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Turkey Accuses Syrian Kurds of 'Ethnic Cleansing'

Turkey said it will continue extending its observer mission in Syria's Idlib province in order to deter what it described as "ethnic cleansing" by Kurdish groups in northern Syria. At the same time, the YPG reported heavy artillery fire by Turkish forces on villages in Afrin.

"PKK/PYD/YPG terrorist organization's efforts to carry out covert ethnic cleansing by changing the demographic structure of Syria are against international law and human rights, and, therefore, it is unacceptable," read a statement issued by the National Security Council after a meeting chaired by President Recep Tayyip Erdogan on Tuesday.

Turkey used a similar accusation of ethnic cleansing when launching its military operation Euphrates Shield in summer 2016, saying that the Kurdish forces were taking control of areas with predominantly Arab populations.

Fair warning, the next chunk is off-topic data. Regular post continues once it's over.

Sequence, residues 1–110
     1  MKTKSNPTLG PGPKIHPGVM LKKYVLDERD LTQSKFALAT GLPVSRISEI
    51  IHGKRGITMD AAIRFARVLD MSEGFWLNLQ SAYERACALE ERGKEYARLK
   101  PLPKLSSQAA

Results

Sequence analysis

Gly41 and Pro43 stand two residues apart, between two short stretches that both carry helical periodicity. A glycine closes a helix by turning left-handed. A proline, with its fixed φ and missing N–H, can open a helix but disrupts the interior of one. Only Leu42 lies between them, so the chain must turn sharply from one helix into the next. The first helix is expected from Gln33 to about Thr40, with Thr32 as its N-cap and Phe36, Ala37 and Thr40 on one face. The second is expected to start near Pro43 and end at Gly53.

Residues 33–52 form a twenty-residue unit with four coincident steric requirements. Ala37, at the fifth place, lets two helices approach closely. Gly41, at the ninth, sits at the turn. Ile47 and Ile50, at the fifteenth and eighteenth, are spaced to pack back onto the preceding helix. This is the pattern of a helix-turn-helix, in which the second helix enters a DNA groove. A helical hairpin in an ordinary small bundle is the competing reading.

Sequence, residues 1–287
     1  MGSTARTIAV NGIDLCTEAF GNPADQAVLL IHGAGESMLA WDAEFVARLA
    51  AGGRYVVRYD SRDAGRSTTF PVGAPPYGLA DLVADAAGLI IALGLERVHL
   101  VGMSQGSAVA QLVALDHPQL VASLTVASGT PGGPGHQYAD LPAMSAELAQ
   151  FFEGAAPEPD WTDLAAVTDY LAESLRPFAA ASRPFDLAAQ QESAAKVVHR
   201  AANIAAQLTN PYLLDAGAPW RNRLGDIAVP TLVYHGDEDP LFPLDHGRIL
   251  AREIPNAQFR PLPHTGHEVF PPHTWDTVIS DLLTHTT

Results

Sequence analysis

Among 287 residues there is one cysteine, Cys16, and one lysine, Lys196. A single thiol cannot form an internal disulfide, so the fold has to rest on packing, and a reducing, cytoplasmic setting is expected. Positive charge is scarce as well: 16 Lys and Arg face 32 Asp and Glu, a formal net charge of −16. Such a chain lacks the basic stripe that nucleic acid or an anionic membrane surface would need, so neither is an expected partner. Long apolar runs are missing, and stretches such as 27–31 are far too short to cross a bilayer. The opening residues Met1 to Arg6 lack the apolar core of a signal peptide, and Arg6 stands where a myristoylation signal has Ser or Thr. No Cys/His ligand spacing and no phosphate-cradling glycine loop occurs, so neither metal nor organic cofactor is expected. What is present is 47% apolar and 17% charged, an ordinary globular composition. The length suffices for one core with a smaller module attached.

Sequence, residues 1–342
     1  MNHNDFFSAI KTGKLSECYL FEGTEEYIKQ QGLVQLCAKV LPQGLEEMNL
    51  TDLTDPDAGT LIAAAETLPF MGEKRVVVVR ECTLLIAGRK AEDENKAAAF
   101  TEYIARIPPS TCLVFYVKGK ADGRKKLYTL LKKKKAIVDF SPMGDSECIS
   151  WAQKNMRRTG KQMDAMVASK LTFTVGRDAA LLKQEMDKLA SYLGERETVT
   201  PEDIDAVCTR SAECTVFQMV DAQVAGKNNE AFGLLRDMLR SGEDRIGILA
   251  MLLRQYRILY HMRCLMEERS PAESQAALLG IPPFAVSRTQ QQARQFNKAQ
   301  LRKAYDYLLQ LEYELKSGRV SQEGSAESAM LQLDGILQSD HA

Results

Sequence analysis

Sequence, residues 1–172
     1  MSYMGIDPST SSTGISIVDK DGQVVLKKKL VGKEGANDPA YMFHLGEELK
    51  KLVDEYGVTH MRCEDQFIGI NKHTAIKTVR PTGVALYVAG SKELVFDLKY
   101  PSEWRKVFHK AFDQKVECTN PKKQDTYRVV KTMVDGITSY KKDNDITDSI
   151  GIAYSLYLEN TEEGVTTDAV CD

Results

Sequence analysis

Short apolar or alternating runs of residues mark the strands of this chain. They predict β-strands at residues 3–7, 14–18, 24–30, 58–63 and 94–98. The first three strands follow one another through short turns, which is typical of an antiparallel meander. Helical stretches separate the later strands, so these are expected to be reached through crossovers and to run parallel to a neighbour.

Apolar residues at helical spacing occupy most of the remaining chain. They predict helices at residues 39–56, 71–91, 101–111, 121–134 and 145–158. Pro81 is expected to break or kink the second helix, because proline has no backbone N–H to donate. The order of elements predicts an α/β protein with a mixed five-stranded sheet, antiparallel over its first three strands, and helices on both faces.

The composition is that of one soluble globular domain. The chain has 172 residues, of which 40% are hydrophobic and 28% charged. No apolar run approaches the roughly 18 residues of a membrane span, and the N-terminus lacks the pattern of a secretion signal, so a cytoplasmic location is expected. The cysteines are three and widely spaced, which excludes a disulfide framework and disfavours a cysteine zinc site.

Saying that Turkey must take every measure to ensure its security along its border with Syria, the council said Turkey's armed forces had been successful in its observer mission in Syria's Idlib province and "peace and security will literally be achieved when this mission is carried out near western Aleppo and Afrin."

Turkish Armed Forces completed work on their third observation point in Idlib on November 19.

They will reportedly set up 12 such sites, according to Hurriyet Daily News.

Turkey began its operations in Idlib in October in order to monitor a ceasefire and establish a de-escalation zone under agreements reached in Astana by Turkey, Russia, and Iran.

Turkey is also using the mission to observe the Kurdish canton of Afrin, north of Idlib. Kurdish forces say the Turks have frequently fired at their positions and civilian locations in Afrin.

On Tuesday evening, the YPG announced areas in the countryside of northern Afrin were under heavy artillery fire from Turkish forces, adding "civilians of three villages are in danger because of shelling."

Last week, Turkey accused the YPG of opening fire on them across the Afrin-Idlib border.

Turkey considers the armed YPG and its political wing the PYD as extensions of the PKK, a named terrorist organization. The Syrian Kurdish groups deny the charge.

The YPG is the dominant force within the US-backed SDF battling ISIS in northern Syria.

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